Understanding the molecular mechanisms of biological systems requires both functional and structural information. Structures of biomolecules are typically determined by one of several methods, including x-ray crystallography, NMR, or EM. Because crystallography can afford some of the highest-resolution views of a particular system, and is not limited by the particle size, the use of this method is widespread, and has contributed the greatest numbers of structures to the field [1]. An innate challenge to x-ray crystallographic investigations is the requirement for high-quality crystals. Crystallization relies on the identification of chemical conditions that can support growth, which conditions are unique to a given protein, protein complex, or protein-nucleic acid complex. Identifying crystallization conditions involves screening a target against hundreds or thousands of different chemistries, typically using 24 or 96-well trays. Ideally, trays are incubated in a vibration-free environment to aid crystal formation, and are incubated at varied temperatures (usually 4?C and 18?C) to broaden the depth of the search space. Trays are viewed by light microscopy at regular intervals to search for the presence of crystals, which often are small and/or irregular. The conditions under which these initial """"""""hits"""""""" are obtained are then cross-correlated to look for trends, and optimized to improve crystal quality for diffraction studies. The Rigaku Minstrel imaging system requested in this proposal offers benefits that will transform how crystallization experiments are conducted at UC Berkeley. The instrument incubates crystal trays at a given temperature and automatically takes digital images of each drop on a scheduled basis using both visible and UV light. Scheduled screening allows for systematic coverage of crystallization conditions over time, greatly increasing the likelihood of finding successful hits. UV illumination can uncover crystals hiding within heavy precipitates, allowing users to distinguish micro-crystals from granular precipitates. UV visualization further discriminates between salt and protein or nucleic acid crystals, ensuring that precious x-ray beam time at synchrotron sources is used efficiently on biological samples. Trays can be incubated at 4?C, a regime inaccessible to us due to a paucity of cold-room space, thereby opening up an entirely new realm of low-temperature conditions for screening. In addition, the Minstrel system will enable users to more rapidly and thoroughly cover crystallization space, speeding structural investigations into a diverse number of highly significant biological systems.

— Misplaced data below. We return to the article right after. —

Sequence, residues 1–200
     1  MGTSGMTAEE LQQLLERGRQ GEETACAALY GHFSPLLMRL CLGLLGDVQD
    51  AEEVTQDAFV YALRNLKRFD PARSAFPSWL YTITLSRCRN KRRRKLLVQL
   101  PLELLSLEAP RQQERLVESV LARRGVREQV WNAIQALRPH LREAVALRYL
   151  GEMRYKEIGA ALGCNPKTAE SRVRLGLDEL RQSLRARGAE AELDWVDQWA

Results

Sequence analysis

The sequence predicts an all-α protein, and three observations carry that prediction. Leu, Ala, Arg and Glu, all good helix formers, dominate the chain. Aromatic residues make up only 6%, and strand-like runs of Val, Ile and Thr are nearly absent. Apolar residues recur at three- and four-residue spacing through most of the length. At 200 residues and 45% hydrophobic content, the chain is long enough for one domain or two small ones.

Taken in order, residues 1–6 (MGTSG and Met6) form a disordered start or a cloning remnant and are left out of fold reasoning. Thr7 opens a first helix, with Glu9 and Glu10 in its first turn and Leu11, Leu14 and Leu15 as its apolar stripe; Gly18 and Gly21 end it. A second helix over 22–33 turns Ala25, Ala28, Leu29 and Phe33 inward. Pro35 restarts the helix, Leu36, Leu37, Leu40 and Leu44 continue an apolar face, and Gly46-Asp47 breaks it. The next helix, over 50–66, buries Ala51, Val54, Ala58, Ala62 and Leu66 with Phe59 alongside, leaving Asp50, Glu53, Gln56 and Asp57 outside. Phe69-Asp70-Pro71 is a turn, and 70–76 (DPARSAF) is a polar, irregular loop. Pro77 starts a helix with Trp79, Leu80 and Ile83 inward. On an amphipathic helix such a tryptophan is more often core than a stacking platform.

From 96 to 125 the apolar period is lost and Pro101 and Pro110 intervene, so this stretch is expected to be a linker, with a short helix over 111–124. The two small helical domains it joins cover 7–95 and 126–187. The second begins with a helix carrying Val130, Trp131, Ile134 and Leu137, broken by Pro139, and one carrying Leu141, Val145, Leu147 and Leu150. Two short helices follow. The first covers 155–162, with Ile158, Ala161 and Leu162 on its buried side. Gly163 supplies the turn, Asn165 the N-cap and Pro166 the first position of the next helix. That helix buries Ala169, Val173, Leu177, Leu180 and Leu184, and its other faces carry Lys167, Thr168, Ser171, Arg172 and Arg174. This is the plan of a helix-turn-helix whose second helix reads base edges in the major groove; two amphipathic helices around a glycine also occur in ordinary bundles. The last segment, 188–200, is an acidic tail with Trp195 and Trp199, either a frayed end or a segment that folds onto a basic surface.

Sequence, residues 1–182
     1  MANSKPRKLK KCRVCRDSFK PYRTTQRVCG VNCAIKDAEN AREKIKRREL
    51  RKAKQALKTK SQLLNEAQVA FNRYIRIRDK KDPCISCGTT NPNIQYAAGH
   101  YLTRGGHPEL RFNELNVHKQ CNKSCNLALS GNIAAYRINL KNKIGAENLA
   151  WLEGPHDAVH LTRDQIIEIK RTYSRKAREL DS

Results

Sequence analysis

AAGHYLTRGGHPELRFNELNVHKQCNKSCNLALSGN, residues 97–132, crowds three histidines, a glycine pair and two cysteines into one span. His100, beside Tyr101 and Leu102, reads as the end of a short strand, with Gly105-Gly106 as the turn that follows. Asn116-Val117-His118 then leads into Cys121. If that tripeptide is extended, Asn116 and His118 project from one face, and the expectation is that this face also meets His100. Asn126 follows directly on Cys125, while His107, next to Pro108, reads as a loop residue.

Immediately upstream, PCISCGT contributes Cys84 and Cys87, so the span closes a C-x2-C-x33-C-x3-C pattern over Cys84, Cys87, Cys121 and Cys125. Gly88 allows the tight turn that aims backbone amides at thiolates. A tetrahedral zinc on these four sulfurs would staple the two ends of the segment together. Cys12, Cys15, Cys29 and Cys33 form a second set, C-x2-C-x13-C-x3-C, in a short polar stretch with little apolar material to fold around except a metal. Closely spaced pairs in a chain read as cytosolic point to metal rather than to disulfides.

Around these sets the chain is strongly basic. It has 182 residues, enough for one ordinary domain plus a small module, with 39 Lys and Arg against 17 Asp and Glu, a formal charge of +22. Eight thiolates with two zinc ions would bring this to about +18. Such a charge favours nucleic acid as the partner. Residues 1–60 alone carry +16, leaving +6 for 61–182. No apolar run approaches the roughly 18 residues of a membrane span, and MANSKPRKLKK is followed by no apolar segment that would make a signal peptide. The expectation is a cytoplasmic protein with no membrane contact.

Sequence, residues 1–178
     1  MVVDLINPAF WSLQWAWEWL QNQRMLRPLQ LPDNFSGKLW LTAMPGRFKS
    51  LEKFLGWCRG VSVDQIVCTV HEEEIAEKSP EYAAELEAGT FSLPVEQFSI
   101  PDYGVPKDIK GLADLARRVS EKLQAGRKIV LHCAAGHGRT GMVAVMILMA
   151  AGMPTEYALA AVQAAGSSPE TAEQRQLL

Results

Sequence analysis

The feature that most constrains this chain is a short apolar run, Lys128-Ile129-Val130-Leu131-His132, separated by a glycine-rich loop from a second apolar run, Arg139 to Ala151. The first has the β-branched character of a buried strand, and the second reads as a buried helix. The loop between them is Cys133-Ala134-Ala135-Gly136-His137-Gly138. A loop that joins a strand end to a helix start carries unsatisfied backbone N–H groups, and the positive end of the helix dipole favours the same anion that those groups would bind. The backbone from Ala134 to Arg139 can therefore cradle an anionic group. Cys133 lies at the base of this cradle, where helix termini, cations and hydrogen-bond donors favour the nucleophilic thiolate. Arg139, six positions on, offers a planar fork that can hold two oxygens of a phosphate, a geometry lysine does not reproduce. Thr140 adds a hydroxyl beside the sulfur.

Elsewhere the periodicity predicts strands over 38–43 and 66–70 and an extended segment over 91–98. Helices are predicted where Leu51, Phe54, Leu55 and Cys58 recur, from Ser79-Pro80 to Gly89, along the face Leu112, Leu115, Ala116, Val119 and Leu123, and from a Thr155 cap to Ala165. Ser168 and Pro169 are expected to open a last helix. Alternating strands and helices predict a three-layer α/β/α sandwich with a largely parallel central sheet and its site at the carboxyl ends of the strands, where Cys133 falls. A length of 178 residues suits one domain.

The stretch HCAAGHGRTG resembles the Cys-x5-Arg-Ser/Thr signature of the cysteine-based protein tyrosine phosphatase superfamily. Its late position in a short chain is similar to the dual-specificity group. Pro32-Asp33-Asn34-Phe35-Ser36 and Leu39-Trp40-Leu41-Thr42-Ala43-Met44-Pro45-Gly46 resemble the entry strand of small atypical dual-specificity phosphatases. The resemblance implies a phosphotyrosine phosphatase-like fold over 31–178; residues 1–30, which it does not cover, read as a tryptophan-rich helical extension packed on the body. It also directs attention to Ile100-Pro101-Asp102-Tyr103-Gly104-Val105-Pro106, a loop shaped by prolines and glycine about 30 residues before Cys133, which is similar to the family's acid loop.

National Institute of Health (NIH)
Office of The Director, National Institutes of Health (OD)
Biomedical Research Support Shared Instrumentation Grants (S10)
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Special Emphasis Panel (ZRG1-BCMB-R (30))
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Levy, Abraham
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University of California Berkeley
Schools of Arts and Sciences
United States
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